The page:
"Rolling Stone:" Not Gathering Moss So Now Seeking Mass

by Hilary Crowe

On Sunday January 7th, the Zoloft-popping and zombie-eyed consumers of MTV were introduced to a novel idea on the network’s part: quality programming. At 10 p.m. the omnipresent media network officially launched the series I’m From Rolling Stone, a fascinating partnership with the well-established and highly-regarded music magazine, Rolling Stone, wherein young writers intern and compete to be hired as a contributing editor. However, can six hipsters, ranging in age from 19 to 25-years-old, bridge the generation gap between Baby Boomers who came of age with Ben Fong-Torres and Generation X-ers who have been spoon-fed MTV since their mouths could open wide enough to declare “I want my MTV”?

Both giants hope so. The series seems to be a PR dream-come-true for both media outlets. MTV finally gets the “cred” from music journalism’s resident Edward R. Murrow, and Rolling Stone acquires a new avenue by which to spread its gospel to impressionable youths, i.e. future readers. As more teens express interest in classic rock acts the Rolling Stones, David Bowie and AC/DC, as shown by T-shirt sales indices, this partnership makes dollars and sense.

I may be reading too far into the deal, but judging by the frantic coverage of fresh-faced Fall Out Boy clones and the magazine’s declaration of My Chemical Romance’s latest release, Welcome to the Black Parade, as the greatest rock album of the decade (no joke – it’s in the issue with the Snoop Dogg cover story), Rolling Stone is feeling the pressure to revisit the marketing drawing board. Look at it this way: when Camel has tapped out its resources, meaning all the men are already addicted to cigarettes or dead, it’s time to redirect ads to an untapped market – young women (young, impressionable, image-conscious males would never be caught dead smoking a clove or mentholated cigarette). Rolling Stone is simply doing the same, only the product is less deadly and the audience more difficult to convince. I mean, playing the new Wii is definitely cooler than reading, but I digress.

I must say, however, that such a marketing scheme, either intentional or not, has worked. For years my friends have scoffed at my paltry hobby of reading magazines, namely Jann Wenner’s lovely gem (which, as previously alluded to, is in need of some polishing at the moment). However, it only took approximately two minutes for a 23-year-old, UC Berkeley-by-way-of-Sydney golden boy’s shared enthusiasm for them to crack open an issue. I’ll admit to occasional forays into the dubious territory of cable reality shows, and I’m not claiming to be of a more precious mettle than the gourmandizing couch potatoes, such as many of my peers, who frequent that place – but I was hooked, too.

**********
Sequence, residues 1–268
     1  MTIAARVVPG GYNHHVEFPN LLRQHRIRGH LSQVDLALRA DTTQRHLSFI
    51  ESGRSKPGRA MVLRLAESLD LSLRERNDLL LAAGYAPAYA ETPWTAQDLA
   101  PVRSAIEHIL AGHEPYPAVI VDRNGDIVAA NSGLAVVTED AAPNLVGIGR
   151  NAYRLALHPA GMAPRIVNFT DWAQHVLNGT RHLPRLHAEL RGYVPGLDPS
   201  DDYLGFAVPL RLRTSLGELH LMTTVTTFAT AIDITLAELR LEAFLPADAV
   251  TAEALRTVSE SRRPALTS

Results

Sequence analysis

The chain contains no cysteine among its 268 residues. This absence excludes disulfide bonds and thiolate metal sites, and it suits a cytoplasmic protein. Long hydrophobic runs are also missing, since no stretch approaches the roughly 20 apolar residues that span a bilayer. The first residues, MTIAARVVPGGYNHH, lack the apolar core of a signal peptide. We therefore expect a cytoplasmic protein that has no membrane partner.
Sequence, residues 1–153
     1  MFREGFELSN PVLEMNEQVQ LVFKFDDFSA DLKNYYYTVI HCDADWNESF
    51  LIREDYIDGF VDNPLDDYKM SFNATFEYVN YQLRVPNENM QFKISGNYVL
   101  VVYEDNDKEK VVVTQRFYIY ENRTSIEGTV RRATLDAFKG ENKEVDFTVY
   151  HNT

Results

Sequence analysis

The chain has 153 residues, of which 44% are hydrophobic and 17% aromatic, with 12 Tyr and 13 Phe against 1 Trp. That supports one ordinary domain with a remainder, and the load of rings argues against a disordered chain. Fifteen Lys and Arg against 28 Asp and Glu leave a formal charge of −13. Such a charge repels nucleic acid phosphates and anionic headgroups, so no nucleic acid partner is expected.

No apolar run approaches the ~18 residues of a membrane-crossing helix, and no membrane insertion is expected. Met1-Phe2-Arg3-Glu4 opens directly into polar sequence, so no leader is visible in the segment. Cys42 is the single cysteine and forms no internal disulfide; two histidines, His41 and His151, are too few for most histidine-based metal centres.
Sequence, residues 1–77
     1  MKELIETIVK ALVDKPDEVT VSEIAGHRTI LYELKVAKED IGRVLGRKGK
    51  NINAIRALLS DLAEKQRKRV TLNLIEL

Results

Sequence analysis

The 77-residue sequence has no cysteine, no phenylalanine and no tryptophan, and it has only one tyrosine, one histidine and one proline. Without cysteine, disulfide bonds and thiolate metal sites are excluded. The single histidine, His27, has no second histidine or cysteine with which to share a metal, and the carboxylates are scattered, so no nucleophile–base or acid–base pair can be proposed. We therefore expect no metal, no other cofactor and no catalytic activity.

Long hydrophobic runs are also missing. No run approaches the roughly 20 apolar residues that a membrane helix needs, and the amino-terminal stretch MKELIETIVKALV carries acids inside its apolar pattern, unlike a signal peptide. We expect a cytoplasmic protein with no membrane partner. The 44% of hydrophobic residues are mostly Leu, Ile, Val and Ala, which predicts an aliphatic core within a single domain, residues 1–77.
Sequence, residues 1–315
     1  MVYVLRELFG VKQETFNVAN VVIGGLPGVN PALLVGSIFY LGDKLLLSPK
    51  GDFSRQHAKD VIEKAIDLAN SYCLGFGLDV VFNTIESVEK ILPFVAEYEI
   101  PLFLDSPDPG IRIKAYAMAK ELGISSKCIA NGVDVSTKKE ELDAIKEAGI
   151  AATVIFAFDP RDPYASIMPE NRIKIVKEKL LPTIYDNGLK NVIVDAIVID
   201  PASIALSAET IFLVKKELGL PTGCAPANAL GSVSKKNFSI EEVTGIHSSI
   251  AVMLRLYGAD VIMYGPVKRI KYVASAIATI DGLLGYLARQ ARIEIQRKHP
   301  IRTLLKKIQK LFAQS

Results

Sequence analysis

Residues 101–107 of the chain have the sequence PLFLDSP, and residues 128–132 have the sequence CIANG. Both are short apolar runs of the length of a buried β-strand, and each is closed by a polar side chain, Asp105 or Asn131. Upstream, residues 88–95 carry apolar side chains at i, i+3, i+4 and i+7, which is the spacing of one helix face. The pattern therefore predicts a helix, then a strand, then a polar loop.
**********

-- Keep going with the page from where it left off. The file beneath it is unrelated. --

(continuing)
Done in, yes, but not by the same bait. Aside from Aussie Peter, my friends also fell for the lovable stoner (the dark horse in the race), hard-knock street girl, gender-bending lesbian poet, beautiful blonde poet, and bad boy favorite. Human interest-fueled voyeurism at its finest. I, however, was enamored with this inside look at what it takes to write for Rolling Stone, the cherry on top of any self-respecting music journalist’s career. Honestly, I am enraptured that the magazine is giving me the information necessary to force David Fricke out of office – what they want in an editor.

It would seem then, that the show has the syrupy formula for sweet success and, perhaps an added bonus: it grabs the attention of yet another subgroup, aspiring journalists. Now that we’ve bitten, it’ll be interesting to see how the show plans to reel us in for the catch. Can it stay afloat and garner ratings comparable to MTV stand-bys The Real World and Next? The only conflict and scandal in the show is the inner turmoil each writer faces as they are ripped apart by their editors and realize they still have a lot to learn, a feeling with which most writers can empathize. The plot may be too slow for non-journalist viewers and almost too non-existent to be developed into a series, let alone a single 30-minute episode.

There is one thing I am sure of though: like most in the U.S., this marriage seems destined for failure before its first anniversary. But that’s just my view. See for yourself. I’m From Rolling Stone airs Sunday nights at 10 p.m. (EST) on MTV.

(To see an extended trailer for the series, please check below.)

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